How would planets create interference? I know Jupiter produces radio waves but their wavelength isn't anywhere near 10 km. And if the planets in the destination system do produce radiowaves at that wavelength, we can examine it and pick a different frequency beforehand. If it's really neccessary, wi...

- Sun Jul 19, 2015 6:14 pm UTC
- Forum: Science
- Topic: Pluto down, next stop...interstellar?
- Replies:
**30** - Views:
**5323**

### Re: Pluto down, next stop...interstellar?

cant we just send signals as radio waves, or anything not in the center of the blackbody spectrum. the spectral radiance of a 5790K blackbody is 1.4E-100 W/m^2/sr/m at 10km wavelength, so we shouldn't get any interference from the stars at 4 lightyears and with a 1kW transmitter, the aercibo telesco...

- Sun Jul 19, 2015 12:55 am UTC
- Forum: Mathematics
- Topic: sum and product of natural number
- Replies:
**9** - Views:
**2366**

### Re: sum and product of natural number

I understand it a bit more now -- though thinking about it hurts my brain. I was hoping to compute the pair as a function of the number of times the mathematicians ask each other but that seems out of the question now.

- Sun Jul 19, 2015 12:40 am UTC
- Forum: Science
- Topic: N-Body Simulation questions
- Replies:
**19** - Views:
**3243**

### Re: N-Body Simulation questions

I tried it out, and it seems to work ok. But I'm still not seeing filaments. The uniform grid seems to collapse, forming some geometric patterns (probably because of the barnes-hut quadtree). Then, large areas of high and low density temporarily appear before the simulation reverts to a more chaotic...

- Fri Jul 17, 2015 11:42 pm UTC
- Forum: Mathematics
- Topic: sum and product of natural number
- Replies:
**9** - Views:
**2366**

### sum and product of natural number

I was reading this post: https://mathoverflow.net/questions/9754/magic-trick-based-on-deep-mathematics/31656#31656 But I'm a bit confused what the apparent "strategy" is. Can anyone explain how the mathematicians can figure out what number it is? I think it may be related to another puzzle...

- Fri Jul 17, 2015 12:56 pm UTC
- Forum: Science
- Topic: Puzzling artifacts and reasonable reasoning
- Replies:
**79** - Views:
**12804**

### Re: Puzzling artifacts and reasonable reasoning

While there may not be another ratio within 1% of the stones, it is relatively likely that the mass of stones were altered after creation by around 10% from erosion or some human activity, meaning any explanatory ratio off by up to 10% is good enough.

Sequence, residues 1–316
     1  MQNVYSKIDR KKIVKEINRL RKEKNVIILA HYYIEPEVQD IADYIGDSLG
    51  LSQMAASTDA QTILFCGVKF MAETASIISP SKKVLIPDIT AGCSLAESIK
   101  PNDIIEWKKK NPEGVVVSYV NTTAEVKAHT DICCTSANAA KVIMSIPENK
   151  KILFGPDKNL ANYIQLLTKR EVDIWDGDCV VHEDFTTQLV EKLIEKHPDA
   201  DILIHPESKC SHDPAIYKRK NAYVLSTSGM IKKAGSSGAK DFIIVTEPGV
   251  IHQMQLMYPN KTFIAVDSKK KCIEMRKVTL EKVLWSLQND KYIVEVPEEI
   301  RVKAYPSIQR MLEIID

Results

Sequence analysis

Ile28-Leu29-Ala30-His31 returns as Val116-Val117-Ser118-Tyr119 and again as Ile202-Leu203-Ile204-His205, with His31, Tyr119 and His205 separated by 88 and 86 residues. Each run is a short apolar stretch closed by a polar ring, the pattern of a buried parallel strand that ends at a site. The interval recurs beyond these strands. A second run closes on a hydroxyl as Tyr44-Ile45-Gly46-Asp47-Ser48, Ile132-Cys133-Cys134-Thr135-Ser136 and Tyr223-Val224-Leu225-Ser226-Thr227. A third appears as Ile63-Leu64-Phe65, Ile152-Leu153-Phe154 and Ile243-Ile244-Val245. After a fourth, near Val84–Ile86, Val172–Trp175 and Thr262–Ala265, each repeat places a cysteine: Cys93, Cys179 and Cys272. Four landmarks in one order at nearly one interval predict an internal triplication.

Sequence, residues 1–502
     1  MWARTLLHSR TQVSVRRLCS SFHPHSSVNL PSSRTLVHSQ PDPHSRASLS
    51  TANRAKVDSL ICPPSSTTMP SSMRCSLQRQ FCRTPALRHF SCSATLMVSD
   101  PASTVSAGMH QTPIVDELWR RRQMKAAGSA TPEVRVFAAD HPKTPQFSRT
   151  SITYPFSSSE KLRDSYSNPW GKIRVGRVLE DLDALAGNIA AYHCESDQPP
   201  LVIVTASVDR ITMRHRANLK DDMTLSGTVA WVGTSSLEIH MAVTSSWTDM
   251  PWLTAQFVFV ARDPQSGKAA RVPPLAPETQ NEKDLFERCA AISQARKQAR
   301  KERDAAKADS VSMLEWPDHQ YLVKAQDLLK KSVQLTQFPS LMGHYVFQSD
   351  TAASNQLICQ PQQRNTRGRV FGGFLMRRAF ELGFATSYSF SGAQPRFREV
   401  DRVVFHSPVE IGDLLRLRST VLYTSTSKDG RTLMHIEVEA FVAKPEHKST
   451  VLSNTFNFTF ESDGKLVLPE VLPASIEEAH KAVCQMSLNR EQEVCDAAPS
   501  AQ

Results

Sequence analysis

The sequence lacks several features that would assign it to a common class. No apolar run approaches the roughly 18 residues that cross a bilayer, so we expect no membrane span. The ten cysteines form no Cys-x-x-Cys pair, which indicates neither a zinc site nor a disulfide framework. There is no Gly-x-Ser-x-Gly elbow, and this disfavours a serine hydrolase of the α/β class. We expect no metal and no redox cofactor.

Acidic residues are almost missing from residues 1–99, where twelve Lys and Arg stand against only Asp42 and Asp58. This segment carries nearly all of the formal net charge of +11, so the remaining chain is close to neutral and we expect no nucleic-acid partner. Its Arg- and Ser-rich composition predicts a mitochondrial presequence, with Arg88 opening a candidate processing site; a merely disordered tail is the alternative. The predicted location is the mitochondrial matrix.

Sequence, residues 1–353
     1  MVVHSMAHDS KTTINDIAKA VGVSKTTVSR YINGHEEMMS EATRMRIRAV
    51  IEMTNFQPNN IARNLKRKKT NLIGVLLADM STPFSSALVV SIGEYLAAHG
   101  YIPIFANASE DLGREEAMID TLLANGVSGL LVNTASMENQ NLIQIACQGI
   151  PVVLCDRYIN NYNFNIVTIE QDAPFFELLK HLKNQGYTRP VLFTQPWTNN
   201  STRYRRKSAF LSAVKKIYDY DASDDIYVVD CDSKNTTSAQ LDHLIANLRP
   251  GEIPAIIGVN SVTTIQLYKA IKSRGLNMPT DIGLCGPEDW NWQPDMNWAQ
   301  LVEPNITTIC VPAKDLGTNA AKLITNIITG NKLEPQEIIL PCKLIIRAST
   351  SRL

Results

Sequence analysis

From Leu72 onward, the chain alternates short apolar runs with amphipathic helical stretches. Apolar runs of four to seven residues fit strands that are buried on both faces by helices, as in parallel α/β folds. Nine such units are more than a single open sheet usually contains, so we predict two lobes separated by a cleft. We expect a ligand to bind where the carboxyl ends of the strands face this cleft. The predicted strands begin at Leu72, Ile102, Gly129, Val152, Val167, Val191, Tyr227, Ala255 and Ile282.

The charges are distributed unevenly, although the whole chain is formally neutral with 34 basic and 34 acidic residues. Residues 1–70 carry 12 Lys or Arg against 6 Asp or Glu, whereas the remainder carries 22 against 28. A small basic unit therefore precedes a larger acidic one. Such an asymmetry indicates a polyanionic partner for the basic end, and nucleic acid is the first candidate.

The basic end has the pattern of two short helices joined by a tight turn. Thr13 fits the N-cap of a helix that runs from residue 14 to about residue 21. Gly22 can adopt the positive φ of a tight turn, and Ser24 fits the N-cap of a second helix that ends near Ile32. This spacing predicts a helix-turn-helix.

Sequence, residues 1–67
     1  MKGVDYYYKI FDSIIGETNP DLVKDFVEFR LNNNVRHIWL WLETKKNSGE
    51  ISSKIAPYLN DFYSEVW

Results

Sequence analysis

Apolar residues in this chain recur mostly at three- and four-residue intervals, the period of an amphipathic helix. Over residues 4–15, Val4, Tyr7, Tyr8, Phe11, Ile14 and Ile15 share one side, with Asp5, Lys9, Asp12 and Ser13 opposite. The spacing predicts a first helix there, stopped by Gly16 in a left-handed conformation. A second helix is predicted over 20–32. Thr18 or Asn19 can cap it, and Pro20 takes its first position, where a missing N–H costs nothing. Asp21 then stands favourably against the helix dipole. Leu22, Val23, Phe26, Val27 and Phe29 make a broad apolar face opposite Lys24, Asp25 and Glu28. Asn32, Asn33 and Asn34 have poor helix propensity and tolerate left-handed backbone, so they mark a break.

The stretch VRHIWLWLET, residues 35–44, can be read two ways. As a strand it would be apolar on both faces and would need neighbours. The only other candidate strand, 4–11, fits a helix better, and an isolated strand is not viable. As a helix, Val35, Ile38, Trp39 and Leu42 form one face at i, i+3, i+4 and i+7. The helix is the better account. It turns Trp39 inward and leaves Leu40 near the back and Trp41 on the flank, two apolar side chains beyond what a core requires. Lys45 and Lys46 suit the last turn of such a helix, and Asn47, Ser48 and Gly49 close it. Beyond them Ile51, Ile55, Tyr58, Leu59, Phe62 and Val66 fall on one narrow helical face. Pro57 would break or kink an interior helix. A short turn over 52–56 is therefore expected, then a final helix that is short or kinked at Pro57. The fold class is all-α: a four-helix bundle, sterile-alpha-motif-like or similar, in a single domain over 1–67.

- Wed Jul 15, 2015 12:39 pm UTC
- Forum: Science
- Topic: Puzzling artifacts and reasonable reasoning
- Replies:
**79** - Views:
**12804**

### Re: Puzzling artifacts and reasonable reasoning

But you can assign odds to whether time-travel/FTL are possible and it makes sense to assign odds to whether they exist after that. If a rich man had amnesia and forgot how he acquired his wealth, he might reason winning the lottery was highly unlikely, therefore he probably didn't win the lottery. ...

- Tue Jul 14, 2015 10:02 pm UTC
- Forum: Science
- Topic: Puzzling artifacts and reasonable reasoning
- Replies:
**79** - Views:
**12804**

### Re: Puzzling artifacts and reasonable reasoning

Whoever was weighing the stones must have been hallucinating (if that doesn't fall under the hoax category).

- Tue Jul 14, 2015 1:08 pm UTC
- Forum: Science
- Topic: N-Body Simulation questions
- Replies:
**19** - Views:
**3243**

### Re: Equation for repulsive forces in N-body simulation?

thanks! By the way, a bit off-topic, but would you happen to have any idea on what would be a good initial starting condition? I've read that a lot of large scale simulations use actual cosmological data, but if I just wanted to place the particles, how should I? I was thinking the mass of the parti...

- Tue Jul 14, 2015 12:52 pm UTC
- Forum: Science
- Topic: N-Body Simulation questions
- Replies:
**19** - Views:
**3243**

### Re: Equation for repulsive forces in N-body simulation?

Just for fun, I'm trying to simulate the large scale structure of the universe by placing a bunch of particles and hoping they collapse into filaments and clusters and such. I wanted a repulsive force both to prevent everything from clumping together and to prevent force from going to infinity as ra...

- Sun Jul 12, 2015 3:22 am UTC
- Forum: Science
- Topic: N-Body Simulation questions
- Replies:
**19** - Views:
**3243**

### Re: Equation for repulsive forces in N-body simulation?

Thank you. Just to be clear, u is the speed of the stellar wind?

- Sat Jul 11, 2015 7:00 pm UTC
- Forum: Science
- Topic: N-Body Simulation questions
- Replies:
**19** - Views:
**3243**

### N-Body Simulation questions

I'm trying to model an N-body system, and in addition to gravity, I want to have a force which models the repulsive forces of stellar wind, star formation, and other phenomenon. Hopefully something of the form F(m1, m2, distance). I tried using PV = nRT to solve for T, then using Stefan-Boltzmann, b...

- Thu Jul 09, 2015 12:15 pm UTC
- Forum: Mathematics
- Topic: variance of weighed sum of random variables
- Replies:
**7** - Views:
**1899**

### Re: variance of weighed sum of random variables

Thanks, that's the word I was looking for, and http://stats.stackexchange.com/a/16609 gives a nice expression for it.

- Thu Jul 09, 2015 3:40 am UTC
- Forum: Mathematics
- Topic: variance of weighed sum of random variables
- Replies:
**7** - Views:
**1899**

### Re: variance of weighed sum of random variables

I just realized what I really needed wasn't what I thought I was looking for here. What I actually want is the variance of the weighed average of two probability mass functions X and Y. In other words, the variance of the probability mass function Z = aX+bY, given a+b = 1. I'm not exactly sure what ...

- Wed Jul 08, 2015 11:04 pm UTC